The strengths of the present study are the harmonized monitoring strategy, prospective collection of clinical and laboratory data. Limitations of the study include the relatively small cohort size, especially in UC. Multiple TDM samples were available only in few patients. Of note, unlike infliximab, there are very few studies evaluating serial TDM measurements in adalimumab therapy. Further investigation is needed applying serial/routine TDM measurements to determine the exact role and usability of routine TDM in adalimumab therapy. In addition, whether TDM for adalimumab needs to be performed at trough remains conflictive in current literature and definitely requires more research. Of note, in a very recent paper by Ward et al. author have shown only little variation in drug levels during maintenance adalimumab therapy assessed on days 4-6, 7-9 and 13-14 (trough level). Importantly, drug levels on day 9 were the best predictor of a therapeutic drug trough level [26].

Conclusions

The present study suggests that ADA development, low TL and need for dose intensification are frequent during adalimumab therapy and our results support the use of selective TDM assessment in IBD patients on adalimumab therapy. ADA positivity was identified as predictor of loss of response.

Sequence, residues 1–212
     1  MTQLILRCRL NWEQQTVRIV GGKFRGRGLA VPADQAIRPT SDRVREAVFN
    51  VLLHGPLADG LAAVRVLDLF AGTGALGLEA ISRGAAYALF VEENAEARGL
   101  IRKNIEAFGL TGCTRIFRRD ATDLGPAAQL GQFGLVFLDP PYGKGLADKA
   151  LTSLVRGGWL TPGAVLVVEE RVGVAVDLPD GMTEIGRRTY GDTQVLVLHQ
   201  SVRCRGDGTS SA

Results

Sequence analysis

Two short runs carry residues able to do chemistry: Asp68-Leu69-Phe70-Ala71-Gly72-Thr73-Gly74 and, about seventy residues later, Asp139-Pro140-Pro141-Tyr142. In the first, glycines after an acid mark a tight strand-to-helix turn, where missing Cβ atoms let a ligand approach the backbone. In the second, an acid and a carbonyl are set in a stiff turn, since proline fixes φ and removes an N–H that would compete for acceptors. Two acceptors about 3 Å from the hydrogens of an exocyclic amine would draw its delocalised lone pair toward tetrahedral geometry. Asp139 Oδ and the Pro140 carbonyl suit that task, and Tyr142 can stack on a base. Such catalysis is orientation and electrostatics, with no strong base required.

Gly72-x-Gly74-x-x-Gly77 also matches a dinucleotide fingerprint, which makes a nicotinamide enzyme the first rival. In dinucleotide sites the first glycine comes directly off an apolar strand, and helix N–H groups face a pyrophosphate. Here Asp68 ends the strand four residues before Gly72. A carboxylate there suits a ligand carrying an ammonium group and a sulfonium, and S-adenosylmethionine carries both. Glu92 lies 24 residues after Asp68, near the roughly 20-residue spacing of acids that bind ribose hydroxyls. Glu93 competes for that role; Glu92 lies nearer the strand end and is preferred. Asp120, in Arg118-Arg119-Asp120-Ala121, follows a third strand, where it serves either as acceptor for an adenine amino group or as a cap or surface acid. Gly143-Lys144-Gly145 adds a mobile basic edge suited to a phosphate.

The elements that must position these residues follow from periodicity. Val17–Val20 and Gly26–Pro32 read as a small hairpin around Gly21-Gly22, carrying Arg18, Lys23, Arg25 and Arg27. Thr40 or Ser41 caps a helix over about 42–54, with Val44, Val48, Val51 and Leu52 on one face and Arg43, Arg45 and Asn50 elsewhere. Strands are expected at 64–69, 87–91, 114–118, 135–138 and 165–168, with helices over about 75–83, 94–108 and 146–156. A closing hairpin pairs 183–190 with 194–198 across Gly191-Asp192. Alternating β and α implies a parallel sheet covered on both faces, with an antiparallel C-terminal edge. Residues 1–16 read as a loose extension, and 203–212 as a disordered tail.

Abbreviations

ADA: 

Anti-drug antibody

anti-TNF: 

Anti-tumor necrosis factor alfa

CD: 

Crohn’s disease

CDAI: 

Crohn’s Disease Activity Index

ELISA: 

Enzyme-linked immunosorbent assay

IBD: 

Inflammatory bowel disease

LOR: 

Loss of response

pMayo: 

Partial Mayo Score

QoL: 

Quality of life

TDM: 

Therapeutic drug monitoring

TL: 

Trough level

UC: 

Ulcerative colitis

Declarations

Acknowledgements

Not applicable.

Funding

This work was supported by OTKA (Hungarian Scientific Research Fund) Research Grant 2015. Grant ID: 115,345.

Availability of data and materials

All data analysed during this study are included in this published article [and its Additional file 1].

Authors’ contributions

LG and ZK: data collection, data validation, statistical analysis and draft of the article; MR: data collection, data validation; ZV, PAG, BDL, KBG, KF, TM: data collection and article preparation; BS: performed measurements for therapeutic drug level monitoring with enzyme-linked immunoassays; PLL: study design, data collection, supervising the collection and validation of patients, database construction, statistical analysis, and article preparation; All authors approved the final draft submitted.

Ethics approval and consent to participate

The study complies with the principles of the Declaration of Helsinki. The study protocol was approved by the Semmelweis University Regional and Institutional Committee of Science and Research Ethics (29772-2/2014/EKU). Informed consent to participate in the study were obtained from all participants.

Consent for publication